In Sweden, Solör Bioenergi, part of renewable energy provider Solör Bioenergy Group has taken delivery of its third Organic Rankine Cycle (ORC) turbine from compatriot Againity AB, this time at its Svenljunga biomass-fired district heat plant. The "Plug'n'Play" installation will turn the facility into a combined heat and power (CHP) plant enabling it to become self-sufficient in electricity. The turbine converts hot water from district heating production into electricity.
A leading player in renewable energy based on wood fuels, Solör Bioenergy Group has operations in 147 locations, primarily in Sweden and Norway, producing and distributing district heating, steam and electricity to homes, companies, public enterprises, and industries.
The district heating plant in Svenljunga has been running since the beginning of the 1980s and has been operated by Solör Bioenergi since 2011. The plant has a biomass boiler that annually produces approximately 45 GWh of district heating from recycled wood.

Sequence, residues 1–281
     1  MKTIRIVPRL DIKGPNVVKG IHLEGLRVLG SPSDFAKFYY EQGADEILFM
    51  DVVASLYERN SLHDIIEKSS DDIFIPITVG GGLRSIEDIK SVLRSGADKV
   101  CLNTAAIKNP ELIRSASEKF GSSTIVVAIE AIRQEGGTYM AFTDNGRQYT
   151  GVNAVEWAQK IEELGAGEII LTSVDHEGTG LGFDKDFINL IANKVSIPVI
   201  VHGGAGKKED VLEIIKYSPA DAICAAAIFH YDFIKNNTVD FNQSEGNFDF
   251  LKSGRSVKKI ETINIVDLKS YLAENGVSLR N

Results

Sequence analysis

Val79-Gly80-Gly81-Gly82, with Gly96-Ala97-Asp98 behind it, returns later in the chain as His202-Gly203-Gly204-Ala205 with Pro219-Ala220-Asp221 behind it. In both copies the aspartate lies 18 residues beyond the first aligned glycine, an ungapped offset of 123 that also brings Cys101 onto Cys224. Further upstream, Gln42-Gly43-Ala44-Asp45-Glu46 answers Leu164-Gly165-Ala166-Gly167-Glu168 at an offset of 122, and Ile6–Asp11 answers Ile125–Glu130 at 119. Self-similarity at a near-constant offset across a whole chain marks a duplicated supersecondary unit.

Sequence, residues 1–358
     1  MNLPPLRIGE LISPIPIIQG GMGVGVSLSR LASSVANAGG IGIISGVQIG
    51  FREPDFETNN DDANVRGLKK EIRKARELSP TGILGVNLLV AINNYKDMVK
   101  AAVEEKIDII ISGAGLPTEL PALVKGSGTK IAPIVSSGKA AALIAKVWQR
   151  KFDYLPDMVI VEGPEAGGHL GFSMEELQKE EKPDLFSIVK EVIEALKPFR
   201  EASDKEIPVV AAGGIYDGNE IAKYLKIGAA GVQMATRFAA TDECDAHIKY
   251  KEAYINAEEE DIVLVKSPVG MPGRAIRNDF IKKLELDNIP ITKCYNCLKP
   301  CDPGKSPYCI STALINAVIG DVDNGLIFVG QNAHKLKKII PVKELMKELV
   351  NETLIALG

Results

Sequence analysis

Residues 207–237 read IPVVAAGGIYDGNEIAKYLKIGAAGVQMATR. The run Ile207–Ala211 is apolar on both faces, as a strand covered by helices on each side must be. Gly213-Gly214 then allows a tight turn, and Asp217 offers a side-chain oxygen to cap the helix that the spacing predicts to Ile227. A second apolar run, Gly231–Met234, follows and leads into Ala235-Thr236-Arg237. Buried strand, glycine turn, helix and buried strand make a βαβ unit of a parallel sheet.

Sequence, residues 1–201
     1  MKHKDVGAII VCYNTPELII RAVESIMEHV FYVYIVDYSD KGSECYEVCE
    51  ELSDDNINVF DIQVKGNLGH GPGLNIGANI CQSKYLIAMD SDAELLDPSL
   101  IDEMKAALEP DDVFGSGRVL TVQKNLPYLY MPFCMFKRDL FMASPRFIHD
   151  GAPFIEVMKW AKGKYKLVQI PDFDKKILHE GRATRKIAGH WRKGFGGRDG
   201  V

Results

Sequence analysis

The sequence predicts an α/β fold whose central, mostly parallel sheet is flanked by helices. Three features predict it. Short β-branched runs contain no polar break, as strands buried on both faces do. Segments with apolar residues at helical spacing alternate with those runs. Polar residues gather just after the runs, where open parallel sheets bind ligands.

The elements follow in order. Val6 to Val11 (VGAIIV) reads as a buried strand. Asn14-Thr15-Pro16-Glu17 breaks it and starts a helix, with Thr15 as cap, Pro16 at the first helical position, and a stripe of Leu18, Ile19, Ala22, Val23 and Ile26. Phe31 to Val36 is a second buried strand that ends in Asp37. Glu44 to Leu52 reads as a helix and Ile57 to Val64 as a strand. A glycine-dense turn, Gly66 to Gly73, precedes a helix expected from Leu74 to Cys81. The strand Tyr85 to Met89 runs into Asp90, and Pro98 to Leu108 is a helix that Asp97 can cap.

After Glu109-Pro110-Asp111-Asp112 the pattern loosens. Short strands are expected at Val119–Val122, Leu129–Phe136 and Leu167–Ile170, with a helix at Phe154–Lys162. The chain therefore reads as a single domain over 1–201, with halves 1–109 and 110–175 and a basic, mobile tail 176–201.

Increasing efficiencies and reducing losses
Energy efficiency is an important part of Solör Bioenergi’s work and the company works continuously to save energy in the facilities by increasing efficiencies and reducing losses.
The installation of the ORC turbine is a fantastic step in the right direction for Solör Bioenergi, which works for climate-smart solutions. In addition to the fact that we will be self-sufficient in electricity, we also have the opportunity to sell some of the electricity, said Nicklas Eld, Regional Manager Solör Bioenergi Väst.
In a typical conventional power plant, water is converted into steam to drive a steam turbine in order to generate electricity. The ORC turbine being installed from Againity uses hot water from the district heating plant’s hot water system instead to generate power.
The ORC turbine is the third installation of a power turbine within Solör Bioenergi’s district heating operations. The first ORC turbine was installed two years ago at Solör Bioenergi’s district heating plant in Hörby, southern Sweden. The second ORC installation is also underway, at a district heat plant in Vilhelmina in northern Sweden.
Generating electricity for self-consumption is climate-friendly in at least two ways; we relieve the grid in the place we operate and thus benefit the general electrification of society. In addition, we buy less electricity than before, which is a clear energy efficiency improvement, remarked Anders Pettersson, CEO of Solör Bioenergi Fjärrvärme AB.